WASHINGTON -- MSNBC host Rachel Maddow on Tuesday accused conservatives and Republicans of exploiting the foiled Christmas terror bombing for political gain and to promote torture.
"Conservatives have been racing for the nearest TV camera to try to score political points off of this failed terrorist attack," Maddow said.
Maddow pointed out the rift between the arguments of senior Republicans in the Bush administration in 2001 and the party's stance now with regard to prosecution of terror suspects.
In December of 2001, Richard Reid (commonly referred to as the "shoe bomber") failed in his attempt to blow up an aircraft with explosives. At the time, Attorney General John Ashcroft and Homeland Security Secretary Tom Ridge advocated and defended his civilian criminal prosecution, and he was ultimately convicted of a life sentence.
"When there's political hay to be made, there's no reason to let complete intellectual incoherence get in your way," Maddow said. She then showed clips of conservatives saying the suspected Christmas attacker, Umar Farouk Abdulmutallab, does not deserve the rights of ordinary civilians.
"I think the administration has made a mistake by treating this terrorist as a common criminal," said Rep. Peter King (R-NY), the ranking Republican on the homeland security committee. "I wish they had put him into a military tribunal so we could get as much intelligence and information out of him as we could."
"The first and highest priority when you apprehend him is not to make sure he gets his constitutional rights," said MSNBC political analyst Pat Buchanan. "He's not even a citizen."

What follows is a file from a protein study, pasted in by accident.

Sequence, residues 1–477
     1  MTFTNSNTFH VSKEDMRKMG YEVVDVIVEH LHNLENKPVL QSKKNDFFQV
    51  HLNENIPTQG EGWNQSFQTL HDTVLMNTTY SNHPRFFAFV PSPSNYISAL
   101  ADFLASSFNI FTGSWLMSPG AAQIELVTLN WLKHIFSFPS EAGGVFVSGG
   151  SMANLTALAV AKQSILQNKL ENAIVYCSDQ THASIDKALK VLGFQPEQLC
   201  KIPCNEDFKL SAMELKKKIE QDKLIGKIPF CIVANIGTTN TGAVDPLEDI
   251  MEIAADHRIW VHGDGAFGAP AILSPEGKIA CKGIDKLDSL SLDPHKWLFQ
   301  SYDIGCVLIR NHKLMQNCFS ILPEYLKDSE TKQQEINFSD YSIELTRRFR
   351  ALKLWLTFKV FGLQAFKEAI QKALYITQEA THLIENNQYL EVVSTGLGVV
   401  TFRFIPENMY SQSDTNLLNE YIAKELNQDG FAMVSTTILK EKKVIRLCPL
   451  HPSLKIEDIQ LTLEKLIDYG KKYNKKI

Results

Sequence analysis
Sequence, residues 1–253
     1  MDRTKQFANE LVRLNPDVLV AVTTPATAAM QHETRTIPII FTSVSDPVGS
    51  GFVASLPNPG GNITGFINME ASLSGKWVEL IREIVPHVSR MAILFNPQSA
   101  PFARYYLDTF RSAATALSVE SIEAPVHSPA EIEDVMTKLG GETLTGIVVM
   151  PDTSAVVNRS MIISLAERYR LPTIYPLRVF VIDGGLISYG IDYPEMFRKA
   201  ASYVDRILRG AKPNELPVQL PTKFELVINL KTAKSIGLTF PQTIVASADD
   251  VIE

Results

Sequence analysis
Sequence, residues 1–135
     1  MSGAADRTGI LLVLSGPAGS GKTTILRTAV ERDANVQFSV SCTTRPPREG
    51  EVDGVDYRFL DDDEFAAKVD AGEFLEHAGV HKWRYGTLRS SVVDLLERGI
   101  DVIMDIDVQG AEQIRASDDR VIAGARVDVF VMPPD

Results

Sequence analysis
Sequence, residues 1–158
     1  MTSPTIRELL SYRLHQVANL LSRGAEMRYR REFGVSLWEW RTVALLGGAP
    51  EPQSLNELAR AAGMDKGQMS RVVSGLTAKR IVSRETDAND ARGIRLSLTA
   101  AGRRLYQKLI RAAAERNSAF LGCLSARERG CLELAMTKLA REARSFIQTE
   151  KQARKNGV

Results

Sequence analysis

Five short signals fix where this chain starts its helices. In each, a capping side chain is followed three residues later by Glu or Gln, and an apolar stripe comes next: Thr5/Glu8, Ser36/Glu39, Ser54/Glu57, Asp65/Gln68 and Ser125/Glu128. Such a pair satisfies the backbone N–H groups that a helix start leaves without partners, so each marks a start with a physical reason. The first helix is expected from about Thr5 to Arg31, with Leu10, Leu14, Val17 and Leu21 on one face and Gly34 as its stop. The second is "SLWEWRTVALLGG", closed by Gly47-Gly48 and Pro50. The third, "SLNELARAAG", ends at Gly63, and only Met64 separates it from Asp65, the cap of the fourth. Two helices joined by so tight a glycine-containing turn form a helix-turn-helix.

Buchanan said it's important to extract information from the suspect, positing, "if that means you have to deny him pain medicine...I think you go ahead and do that."
In the aftermath of 9/11, torture became a heavily polarizing partisan issue. Although an ideological debate has since ensued over its morality and effectiveness in ensuring the safety of the nation, torture remains officially illegal and unconstitutional.
"This is about some ticking timebomb, Jack Bauer-style, campaign ad where torture is defined as something good, and something American, that Democrats are too soft to want to do," Maddow alleged. "This is about sadistic torture fantasies, and the effect that conservatives think those fantasies have on American elections."
The Huffington Post's Sam Stein reported that conservatives hardly criticized the Bush administration for waiting six days before addressing the 2001 shoe bomber incident. President Obama, by contrast, has come under fire from various Republican officials for having waiting three days.
This video is from MSNBC's The Rachel Maddow Show, broadcast Dec. 29, 2009.